As markets struggle to recover from the possibility of regulatory tightening in South Korea, other governments are considering their own set of regulatory requirements for individuals and companies that are involved with cryptocurrencies. South Korea’s potential regulatory proposals may have started a global awakening of sorts in the form of government regulatory crackdowns. According to various media outlets, governments in France and Germany are jumping into the fray to target multiple issues they see as critical, including tax evasion through cryptocurrency market activities. The Swiss government is also following suit with considerations of its own.
German and French Governments Drafting a G20 Regulatory Proposal
China’s regulatory actions had an impact on cryptocurrency markets, but markets managed to recover soon after. South Korean regulatory threats seem to have a more lasting effect than those in China. This could be due to a compounding effect in which market resilience erodes once more governments start trying to ban, tax or regulate cryptocurrency market activity. Now that France and Germany are aiming to create a joint proposal for G20 countries which they will submit later this year, we will be able to see the extent of this compounding regulatory effect on the markets.
This proposal aims to introduce cryptocurrency regulation worldwide, which could have a negative effect on markets. Nevertheless, it is important to consider that the likelihood of a global crack down on cryptocurrency markets is very low. Governments have come together to tackle many global problems, like climate change and international banking standards. The general outcome of these initiatives is failure. There are too many actors with diverging interests at the table, and enforcement has always been an issue.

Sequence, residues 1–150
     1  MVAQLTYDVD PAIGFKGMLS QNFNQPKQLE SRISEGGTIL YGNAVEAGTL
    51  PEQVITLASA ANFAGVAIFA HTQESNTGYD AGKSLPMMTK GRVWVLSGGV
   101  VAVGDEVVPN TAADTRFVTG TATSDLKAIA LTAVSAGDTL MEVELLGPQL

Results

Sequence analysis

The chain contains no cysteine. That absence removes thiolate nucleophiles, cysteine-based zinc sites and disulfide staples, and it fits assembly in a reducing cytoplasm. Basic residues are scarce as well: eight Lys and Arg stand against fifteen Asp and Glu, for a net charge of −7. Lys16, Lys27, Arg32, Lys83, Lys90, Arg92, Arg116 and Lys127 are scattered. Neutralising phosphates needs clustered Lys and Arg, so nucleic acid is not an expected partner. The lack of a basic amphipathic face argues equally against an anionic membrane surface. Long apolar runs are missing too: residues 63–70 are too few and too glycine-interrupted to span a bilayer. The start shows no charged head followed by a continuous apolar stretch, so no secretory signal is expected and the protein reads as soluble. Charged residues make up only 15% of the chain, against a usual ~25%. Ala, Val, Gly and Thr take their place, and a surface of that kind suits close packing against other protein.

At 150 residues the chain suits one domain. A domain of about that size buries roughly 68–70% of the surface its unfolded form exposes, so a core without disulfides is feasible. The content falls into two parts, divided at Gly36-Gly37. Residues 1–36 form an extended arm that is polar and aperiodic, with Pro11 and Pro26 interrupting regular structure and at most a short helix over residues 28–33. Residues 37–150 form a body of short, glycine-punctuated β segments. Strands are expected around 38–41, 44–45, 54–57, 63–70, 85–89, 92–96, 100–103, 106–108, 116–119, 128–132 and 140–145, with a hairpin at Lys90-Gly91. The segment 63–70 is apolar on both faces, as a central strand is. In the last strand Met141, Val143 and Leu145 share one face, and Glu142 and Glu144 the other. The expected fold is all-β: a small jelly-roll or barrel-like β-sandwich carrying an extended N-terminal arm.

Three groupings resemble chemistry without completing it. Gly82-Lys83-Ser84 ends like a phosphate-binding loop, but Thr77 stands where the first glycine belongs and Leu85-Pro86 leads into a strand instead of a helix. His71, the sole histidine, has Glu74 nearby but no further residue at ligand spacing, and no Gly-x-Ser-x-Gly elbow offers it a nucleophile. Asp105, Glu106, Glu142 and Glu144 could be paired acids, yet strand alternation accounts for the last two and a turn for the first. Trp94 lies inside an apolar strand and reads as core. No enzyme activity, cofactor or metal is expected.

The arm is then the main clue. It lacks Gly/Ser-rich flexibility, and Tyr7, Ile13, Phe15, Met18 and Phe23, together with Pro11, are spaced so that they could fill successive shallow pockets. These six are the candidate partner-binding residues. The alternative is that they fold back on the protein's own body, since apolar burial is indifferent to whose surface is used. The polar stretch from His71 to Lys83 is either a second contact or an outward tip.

Diverging Regulatory Voices
The Japanese and US governments for example, have been conspicuously silent through the Chinese crack down, South Korean regulatory threats and now the Franco-German initiative. Japan and the US hold the keys of the debate. Their populations are the largest cryptocurrency adopters globally, and both countries – particularly Japan which has the best regulatory standards in the industry – seem to be open to business.
Take the Calls for New Guidelines from the Finance Minister of France With a Grain of Salt
Therefore, the Franco-German regulatory push might gain more traction at the EU level than at a G20 level, although certain EU members might oppose this as well. Therefore, it is important to take declarations with a grain of salt. For instance, France’s Minister of Finance, Bruno Le Maire has voiced the country’s supposed will for change to regulate general token trade. Le Maire came out with the following vague declaration: “We want a stable economy. We reject the risks of speculation and the possible financial diversions linked to Bitcoin.”
Le Maire and other government officials around the world can keep on expressing their government’s intentions with passion. This doesn’t mean that they will succeed in understanding that tax evasion, speculation and other such issues have nothing to do with the inherent characteristics of cryptocurrencies. Governments across the world are still struggling to find a way to stem tax evasion using government-issued money, and financial speculation despite the myriad regulatory measures they burdened traditional markets with. They will only succeed in knocking down cryptocurrency valuations with their efforts, without achieving much of anything else. Hopefully the markets will show their resilience, dissipating any compounding effects that may arise from this regulatory push quickly.